About this Author
DBL%20Hendrix%20small.png College chemistry, 1983

Derek Lowe The 2002 Model

Dbl%20new%20portrait%20B%26W.png After 10 years of blogging. . .

Derek Lowe, an Arkansan by birth, got his BA from Hendrix College and his PhD in organic chemistry from Duke before spending time in Germany on a Humboldt Fellowship on his post-doc. He's worked for several major pharmaceutical companies since 1989 on drug discovery projects against schizophrenia, Alzheimer's, diabetes, osteoporosis and other diseases. To contact Derek email him directly: Twitter: Dereklowe

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« Gritting Our Teeth | Main | Having the Hands »

August 23, 2005

Outside Reading

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Posted by Derek

A few more links for further reading. . .

Professor Bainbridge wonders about what the Merck verdict says about our jury system. (The quotes he gives from the Wall Street Journal report make me feel like breaking something loud and costly.) There's plenty of comment on the same topic here at Asymmetrical Information as well.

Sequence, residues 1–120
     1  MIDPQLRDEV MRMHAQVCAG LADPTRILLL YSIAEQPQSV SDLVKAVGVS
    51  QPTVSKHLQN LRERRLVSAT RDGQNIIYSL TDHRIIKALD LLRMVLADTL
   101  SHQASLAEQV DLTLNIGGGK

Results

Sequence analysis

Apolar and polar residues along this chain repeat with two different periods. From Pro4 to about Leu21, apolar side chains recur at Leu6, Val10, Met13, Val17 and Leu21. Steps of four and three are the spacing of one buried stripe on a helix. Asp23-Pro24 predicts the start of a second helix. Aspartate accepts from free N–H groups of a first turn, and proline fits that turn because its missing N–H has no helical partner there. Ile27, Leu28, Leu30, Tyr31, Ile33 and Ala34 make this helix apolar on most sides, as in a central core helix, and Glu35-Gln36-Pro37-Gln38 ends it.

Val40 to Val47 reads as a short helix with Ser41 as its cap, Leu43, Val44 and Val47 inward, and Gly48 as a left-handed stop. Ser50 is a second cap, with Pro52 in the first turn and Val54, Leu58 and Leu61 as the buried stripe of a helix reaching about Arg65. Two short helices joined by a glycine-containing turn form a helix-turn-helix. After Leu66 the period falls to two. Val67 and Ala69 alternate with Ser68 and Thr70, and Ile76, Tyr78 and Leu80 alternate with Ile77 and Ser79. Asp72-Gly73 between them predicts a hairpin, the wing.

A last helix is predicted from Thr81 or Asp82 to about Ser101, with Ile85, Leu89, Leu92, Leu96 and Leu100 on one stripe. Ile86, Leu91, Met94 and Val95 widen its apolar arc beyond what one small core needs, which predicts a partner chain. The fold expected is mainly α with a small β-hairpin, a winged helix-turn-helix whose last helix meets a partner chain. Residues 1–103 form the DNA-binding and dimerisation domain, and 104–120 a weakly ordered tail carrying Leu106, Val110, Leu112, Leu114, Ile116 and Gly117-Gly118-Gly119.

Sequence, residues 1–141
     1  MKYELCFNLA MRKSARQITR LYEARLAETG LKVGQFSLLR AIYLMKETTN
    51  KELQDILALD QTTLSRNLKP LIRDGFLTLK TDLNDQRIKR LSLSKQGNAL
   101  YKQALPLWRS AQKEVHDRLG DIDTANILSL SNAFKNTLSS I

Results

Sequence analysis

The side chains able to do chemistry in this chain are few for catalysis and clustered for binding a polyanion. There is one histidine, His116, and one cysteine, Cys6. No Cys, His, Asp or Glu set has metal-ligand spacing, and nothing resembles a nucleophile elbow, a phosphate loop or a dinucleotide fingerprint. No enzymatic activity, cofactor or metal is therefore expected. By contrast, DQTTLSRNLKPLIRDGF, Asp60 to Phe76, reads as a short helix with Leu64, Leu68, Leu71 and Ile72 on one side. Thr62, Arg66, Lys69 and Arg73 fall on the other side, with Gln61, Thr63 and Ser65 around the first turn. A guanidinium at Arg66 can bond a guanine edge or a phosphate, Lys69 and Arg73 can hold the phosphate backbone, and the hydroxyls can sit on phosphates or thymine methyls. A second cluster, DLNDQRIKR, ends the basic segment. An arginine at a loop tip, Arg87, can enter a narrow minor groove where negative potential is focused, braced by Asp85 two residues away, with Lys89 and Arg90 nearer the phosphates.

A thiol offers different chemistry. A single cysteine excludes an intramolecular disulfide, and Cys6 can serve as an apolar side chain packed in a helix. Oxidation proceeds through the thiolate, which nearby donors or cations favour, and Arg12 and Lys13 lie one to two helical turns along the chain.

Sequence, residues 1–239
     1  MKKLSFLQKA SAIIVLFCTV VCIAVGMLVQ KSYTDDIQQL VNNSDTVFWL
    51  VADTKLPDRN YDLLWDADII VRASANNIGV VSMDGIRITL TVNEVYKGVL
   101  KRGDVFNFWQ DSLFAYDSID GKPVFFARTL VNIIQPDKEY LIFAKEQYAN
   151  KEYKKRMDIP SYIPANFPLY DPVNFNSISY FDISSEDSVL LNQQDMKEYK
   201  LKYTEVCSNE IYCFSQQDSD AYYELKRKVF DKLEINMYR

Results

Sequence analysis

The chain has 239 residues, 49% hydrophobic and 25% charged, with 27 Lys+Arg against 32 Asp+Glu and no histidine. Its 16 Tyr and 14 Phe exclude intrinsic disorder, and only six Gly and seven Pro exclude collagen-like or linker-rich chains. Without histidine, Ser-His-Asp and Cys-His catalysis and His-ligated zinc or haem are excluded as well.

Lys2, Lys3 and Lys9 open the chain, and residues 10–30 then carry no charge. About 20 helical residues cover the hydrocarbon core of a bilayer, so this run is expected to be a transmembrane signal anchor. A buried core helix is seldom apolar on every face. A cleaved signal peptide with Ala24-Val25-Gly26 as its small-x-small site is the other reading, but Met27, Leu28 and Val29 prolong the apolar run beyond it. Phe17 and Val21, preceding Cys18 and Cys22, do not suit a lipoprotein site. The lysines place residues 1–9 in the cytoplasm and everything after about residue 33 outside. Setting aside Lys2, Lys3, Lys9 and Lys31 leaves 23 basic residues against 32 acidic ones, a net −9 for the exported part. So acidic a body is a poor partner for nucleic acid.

Colby Cosh asks if engineers have become mentally crippled by early exposure to PowerPoint, in light of some disturbing reports from inside NASA. (And an engineer replies that the problem probably comes from the work environment, not the schooling. I don't know whether to be relieved or not. I see an awful lot of the stuff myself, so I hope it isn't taking too great a toll.)

And Medpundit looks back on a Nobel Prize-winning chapter in medicine. But it's not one that a lot of people like to be reminded of. . .

Comments (2) + TrackBacks (0) | Category: General Scientific News


1. Giagan on August 24, 2005 10:01 AM writes...


Thanks for the link to the Prof. Bainbridge piece. It really gets at my biggest problem with the Vioxx verdict. These jurors made their choice based on any red herrings the plaintiff's lawyer could find, completely forgetting that the question was whether or not Vioxx caused Ernst's death!

The jury was told that they needed to have "the courage to do it", but all they've really done is taken the first step toward potentially crippling the pharmaceutical industry. I guess that takes a kind of courage, if you want to call it that...

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2. NJ Biologist on August 24, 2005 11:02 AM writes...

PowerPoint is not responsible for shuttle accidents any more than Sybyl is responsible for bad compounds. In both cases, the failure comes from managers not asking questions (and their reports not having answers...).

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